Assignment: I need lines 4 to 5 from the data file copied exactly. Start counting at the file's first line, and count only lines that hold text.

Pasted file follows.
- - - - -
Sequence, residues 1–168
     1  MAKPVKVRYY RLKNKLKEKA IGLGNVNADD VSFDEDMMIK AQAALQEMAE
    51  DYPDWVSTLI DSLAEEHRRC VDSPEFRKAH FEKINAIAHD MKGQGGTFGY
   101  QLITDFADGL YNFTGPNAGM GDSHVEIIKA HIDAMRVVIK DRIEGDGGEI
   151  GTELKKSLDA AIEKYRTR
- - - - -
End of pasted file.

   101  QLITDFADGL YNFTGPNAGM GDSHVEIIKA HIDAMRVVIK DRIEGDGGEI
   151  GTELKKSLDA AIEKYRTR